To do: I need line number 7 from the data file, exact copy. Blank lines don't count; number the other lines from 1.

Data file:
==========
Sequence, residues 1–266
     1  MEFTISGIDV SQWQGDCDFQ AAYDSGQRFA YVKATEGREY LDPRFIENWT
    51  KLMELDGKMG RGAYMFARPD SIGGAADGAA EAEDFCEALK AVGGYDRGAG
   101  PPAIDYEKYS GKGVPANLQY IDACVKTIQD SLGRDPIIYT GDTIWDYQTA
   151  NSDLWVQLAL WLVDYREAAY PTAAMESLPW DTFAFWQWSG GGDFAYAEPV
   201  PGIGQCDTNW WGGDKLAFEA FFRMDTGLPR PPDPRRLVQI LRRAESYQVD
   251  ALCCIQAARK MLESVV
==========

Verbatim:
   251  ALCCIQAARK MLESVV